I was wondering if there were any reliable algorithms out there that could allocate bond orders and formal charges of a given molecular structure if just the atomic coordinates (x,y,z) and atom type were present in a file (C, N, O, H, etc...). The atoms are most likely ones found in organic molecules so complicated heavy metals with multiple charged states are unlikely.

In a step within a molecular modelling workflow, I only have a set of atomic coordinates but no explicit bond or charge information is kept so I need re-derive them as the coordinates have changed (within reasonable extents like bond lengths) relative to the ones from the input structure which has the bond and charge information. So taking the bond and charge information from the input structure probably won't be feasible.

Any references to papers with code would be really helpful for this.

Thank you!

  • $\begingroup$ I would guess any 3D molecular visualization program (e.g. Avogadro, PyMol, Maestro) would have some algorithm for this in order to display molecules in a chemically intuitive way. Avogadro and PyMol both have public repos on Github, so a good place to start might just be searching through the code there. $\endgroup$
    – Tyberius
    Feb 22 at 17:37
  • $\begingroup$ @Joshua I have made an answer. Please check if it answers your question. If it does please click on the tick mark next to it. You also get +2 if you do it. Also acknowledges the effort that goes into answering a question. $\endgroup$ Mar 13 at 16:23

2 Answers 2


This can be achieved by a 2-step process:

Step 1: Convert XYZ to SDF using this open source python library xyz2mol

Step 2: Use the SDF to get the bond order and formal charge information using Python + rdkit.

Below is a fully reproducible example of both steps using Methanol as a sample compound. All of the following can be run in a Google Colab notebook:

!git clone https://github.com/jensengroup/xyz2mol
%cd xyz2mol
!pip install -r requirements.txt
!pip install rdkit

Download the XYZ file of methanol from here.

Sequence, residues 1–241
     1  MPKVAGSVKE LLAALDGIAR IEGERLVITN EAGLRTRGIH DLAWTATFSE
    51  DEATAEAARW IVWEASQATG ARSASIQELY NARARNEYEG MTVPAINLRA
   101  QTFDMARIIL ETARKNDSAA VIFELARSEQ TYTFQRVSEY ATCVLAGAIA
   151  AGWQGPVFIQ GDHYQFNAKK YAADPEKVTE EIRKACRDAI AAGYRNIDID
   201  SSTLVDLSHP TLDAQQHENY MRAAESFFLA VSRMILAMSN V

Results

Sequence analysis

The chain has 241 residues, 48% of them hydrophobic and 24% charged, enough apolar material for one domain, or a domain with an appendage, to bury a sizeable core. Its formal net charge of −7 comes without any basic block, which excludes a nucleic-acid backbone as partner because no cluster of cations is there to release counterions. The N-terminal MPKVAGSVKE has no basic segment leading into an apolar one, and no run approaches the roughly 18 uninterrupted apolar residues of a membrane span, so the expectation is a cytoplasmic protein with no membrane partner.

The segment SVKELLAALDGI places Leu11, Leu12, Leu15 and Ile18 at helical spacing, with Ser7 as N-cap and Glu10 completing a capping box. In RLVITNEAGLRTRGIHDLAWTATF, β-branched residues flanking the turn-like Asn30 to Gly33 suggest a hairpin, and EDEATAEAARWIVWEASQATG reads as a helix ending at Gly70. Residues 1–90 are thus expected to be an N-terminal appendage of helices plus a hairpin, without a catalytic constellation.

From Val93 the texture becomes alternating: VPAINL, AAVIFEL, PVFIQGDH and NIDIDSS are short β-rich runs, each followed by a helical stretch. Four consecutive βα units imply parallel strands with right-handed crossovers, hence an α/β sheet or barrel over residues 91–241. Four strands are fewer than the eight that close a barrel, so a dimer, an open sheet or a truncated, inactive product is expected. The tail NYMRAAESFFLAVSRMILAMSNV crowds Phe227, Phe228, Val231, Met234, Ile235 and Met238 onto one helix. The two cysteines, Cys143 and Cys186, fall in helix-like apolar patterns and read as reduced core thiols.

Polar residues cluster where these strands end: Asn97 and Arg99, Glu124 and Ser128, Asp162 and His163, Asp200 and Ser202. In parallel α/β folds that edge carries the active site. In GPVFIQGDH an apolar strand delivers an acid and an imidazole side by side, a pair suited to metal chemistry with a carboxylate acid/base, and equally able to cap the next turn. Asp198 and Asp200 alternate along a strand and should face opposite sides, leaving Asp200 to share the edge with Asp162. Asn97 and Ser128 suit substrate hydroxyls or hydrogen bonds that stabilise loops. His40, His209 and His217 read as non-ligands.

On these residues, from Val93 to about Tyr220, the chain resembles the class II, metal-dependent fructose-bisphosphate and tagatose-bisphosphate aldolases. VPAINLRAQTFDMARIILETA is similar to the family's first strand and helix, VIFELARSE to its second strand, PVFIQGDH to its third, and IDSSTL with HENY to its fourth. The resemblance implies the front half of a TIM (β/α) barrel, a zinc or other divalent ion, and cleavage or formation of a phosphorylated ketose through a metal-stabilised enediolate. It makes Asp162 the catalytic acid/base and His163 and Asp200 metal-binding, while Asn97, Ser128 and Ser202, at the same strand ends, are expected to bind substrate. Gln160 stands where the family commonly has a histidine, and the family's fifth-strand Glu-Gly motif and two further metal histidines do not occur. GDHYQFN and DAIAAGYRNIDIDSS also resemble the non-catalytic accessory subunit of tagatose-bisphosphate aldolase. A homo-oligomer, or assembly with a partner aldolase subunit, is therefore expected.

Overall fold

Convert the XYZ to SDF like this:

!python xyz2mol.py path-to-methanol.xyz -o sdf > path-to-methanol.sdf

Use the SDF for extracting bond order and formal charge:

from rdkit.Chem.rdmolfiles import SDMolSupplier
from rdkit.Chem.rdmolops import GetFormalCharge

suppl = SDMolSupplier('/content/drive/MyDrive/output/methanol.sdf',removeHs=False)
for mol in suppl:
   if mol is not None: 

     for bond in mol.GetBonds():
       print(bond.GetBeginAtom().GetSymbol(),  bond.GetEndAtom().GetSymbol(), bond.GetBeginAtomIdx(), bond.GetEndAtomIdx(), bond.GetBondTypeAsDouble()) 

>> This will output the following:
    C H 3 0 1.0
    H C 1 3 1.0
    H C 2 3 1.0
    C O 3 4 1.0
    O H 4 5 1.0

Here the last column is the bond order.

And to get formal charge :


>> 0

Documentation on the GetBondTypeAsDouble function is available on rdkit here

  • 1
    $\begingroup$ Cool this looks promising. Unfortunately I can't use it directly because this is part of a bigger Rust codebase but I'll try to adapt the approach to the best I can! Thank you:D $\endgroup$ Mar 21 at 10:09

This depends on your workflow purpose. It is usually straightforward to draw chemically sensible bonds between atoms -- this can be done in VMD using Topotools, as one example -- but partial charges are entirely different.

If you simply want a sensible charge distribution for a snapshot somehow, you could try a single structure charge equilibration by loading your structure into LAMMPS and applying a suitable ReaxFF charge equilibration procedure (simply run 0 and write out the data file which will have updated charges).

But you may need transferable charges (every methanol O has the same charge, every acetonitrile N has the same charge, ...) for continuing on to do molecular dynamics (indeed, a good initial charge guess is also very helpful for the above mentioned ReaxFF procedure). In that case you're better off identifying the chemical species in your simulation and then going to either published force fields or something like the Automated Topology Builder for your force field.


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